A veteran of 97 productions, Pratley’s “second career” in community theatre stems from an interest he took in lighting more than two decades ago. Back then, theatre lights in amateur theatre were made out of old biscuit tins. The Briton from Leicestershire was fascinated by the versatility of stage lighting.

“It is about using all the tricks [available] to suggest locale, time… and obviously so we can see the actors. It also suggests the passage of time,” he says.

Andy Burt, a veteran stagehand, will handle the lighting for Amadeus, for which Pratley has designed the set. “Sitting down with the designer of the set is something that, as a director, I’d need to do. Given I was going to determine what I want as a director anyway, I thought I might as well do the set,” he says.

Pratley, who arrived in Hong Kong three years ago, says he likes the local English-language community theatre scene because there is no barrier between professionals and amateurs.
“I love the fact that your cast might be made up of paid and unpaid actors and you are rubbing shoulders with people who do this for a living. That tends to be less the case in the UK,” says Pratley. “I am delighted and lucky to be involved in so many productions here. I do joke about it and say it’s not that I’m any good, but that I’m cheap.”

Kevin Kwong

HK Magazine

3 Sept, 2009

Stephen Bolton is playing Mozart’s conflicted archenemy Antonio Salieri in the upcoming Hong Kong Players production of Peter Shaffer’s “Amadeus.” He talks to Sophia Chan.

Salieri (Stephen Bolton) and Mozart (Samuel J. Craig)
Photo: Ian Pratley

HK Magazine: Tell us a bit about Amadeus.
Stephen Bolton: I think it’s an amazing play and has everything that would make a night at the theater good. Even though the movie (“Amadeus”, 1984) was very popular and won a lot of Oscars, the play is much richer and darker and the intensity of the original script, which the film adapted omitting certain elements, really comes to life onstage.

HK: How did you prepare for the role of Salieri, who was supposedly dead jealous of Mozart?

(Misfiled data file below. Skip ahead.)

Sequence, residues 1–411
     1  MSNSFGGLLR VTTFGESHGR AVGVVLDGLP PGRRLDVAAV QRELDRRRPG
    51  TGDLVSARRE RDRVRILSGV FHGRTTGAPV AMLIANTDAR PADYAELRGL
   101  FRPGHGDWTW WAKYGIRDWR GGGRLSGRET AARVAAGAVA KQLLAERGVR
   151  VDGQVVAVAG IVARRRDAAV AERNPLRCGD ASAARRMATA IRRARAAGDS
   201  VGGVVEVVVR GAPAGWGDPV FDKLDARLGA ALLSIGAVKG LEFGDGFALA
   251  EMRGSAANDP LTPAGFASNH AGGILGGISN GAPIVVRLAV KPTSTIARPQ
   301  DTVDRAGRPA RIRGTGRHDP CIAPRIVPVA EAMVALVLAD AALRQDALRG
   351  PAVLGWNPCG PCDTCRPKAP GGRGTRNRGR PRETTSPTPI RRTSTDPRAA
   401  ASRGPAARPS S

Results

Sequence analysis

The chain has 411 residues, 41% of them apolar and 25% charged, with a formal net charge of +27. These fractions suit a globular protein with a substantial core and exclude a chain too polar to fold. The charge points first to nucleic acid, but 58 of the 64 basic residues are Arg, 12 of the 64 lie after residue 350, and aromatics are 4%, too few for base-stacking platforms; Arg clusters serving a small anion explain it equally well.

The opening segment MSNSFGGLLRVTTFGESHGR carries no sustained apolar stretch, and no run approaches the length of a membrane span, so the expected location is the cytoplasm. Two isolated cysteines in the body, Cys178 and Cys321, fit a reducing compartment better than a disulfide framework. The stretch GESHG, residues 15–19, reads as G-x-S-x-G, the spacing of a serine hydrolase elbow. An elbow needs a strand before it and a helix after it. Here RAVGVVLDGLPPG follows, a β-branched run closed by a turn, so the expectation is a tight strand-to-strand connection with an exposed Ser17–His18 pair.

SB: The play is so well written that it was basically a case of letting the words speak for themselves. I tried to just go along with the scale of emotions and not compromise the character itself. Playing such a complex, flamboyant character like Salieri requires a lot of imagination.

HK: Are you able to empathize with Salieri’s character and the acts he commits against Mozart?
SB: Yes, what he does is understandable, because on some level everyone’s probably been through the same thing, that feeling of being “second best.” Salieri refers to himself as the “patron saint of mediocrities”, and looking through his eyes, rather than as an onlooker, it’s actually quite easy to dislike Mozart. It’s what makes the play so great.

HK: Is classical music your thing? If so, do you prefer Mozart or Bach?
SB: I do enjoy it. As my parents are both fans, I grew up listening to it a lot and I sang in quite a few concert choirs. Both composers are great, but since I’ve spent the last two months listening to a lot of Mozart, I think he just edges out Bach.

HK: What’s your view on the theater scene in Hong Kong and the opportunities available for young actors here?
SB: Hong Kong is a difficult place for English-speaking actors to make a full-time living. Most actors have to supplement it with teaching or voice-over work and small roles in local movies. It really would be great to have professional companies able to survive. The amount of passion and expertise I’ve seen here, not just from actors but also from people like directors, set designers and musicians, is unbelievable. The theater scene is developing, but support from the government would be a big help.


RTHK Radio 3

7 Sept, 2009

Click to hear RTHK’s Phil Whelan interviewing Stephanie Fodor (Constanze) and Stephen Bolton (Salieri).


by Teri Fitsell, Katy Forse and Stephen Bolton


Hong Kong Players’ annual panto is always a huge hit, and 2009’s Aladdin, featuring a brand-new, locally-produced script, was described by many audience members as the best one we have ever done in our 49-year panto history.


Aladdin Bethan Greaves
Widow Twankey Lucas Cox
Wishee-Washee Alex Cooper
Abanazar Alex Sommerville
Princess Sharona Shafin Azim
Sultan Peter Lowe
Sultana Gail Harban
Genie Jane Archibald
Slave of the Ring Ric Beesley
Grand Henchmaiden Melissa Ashworth
Too-Shy Minna Cheung


Production Team

Director Stephen Bolton
Producer Elizabeth Lowe
Musical Director Andrew Swift
Choregrapher Charlotte Smith
Set Designer Ian Pratley
Lighting Designer Ian Pratley
Costume Designer Katy Scott
Special Props Designer Niall Greenan
Make-Up Leena Lempinen
Stage Manageresses Karly Cox / Katy Forse
Publicity Manager Teri Fitsell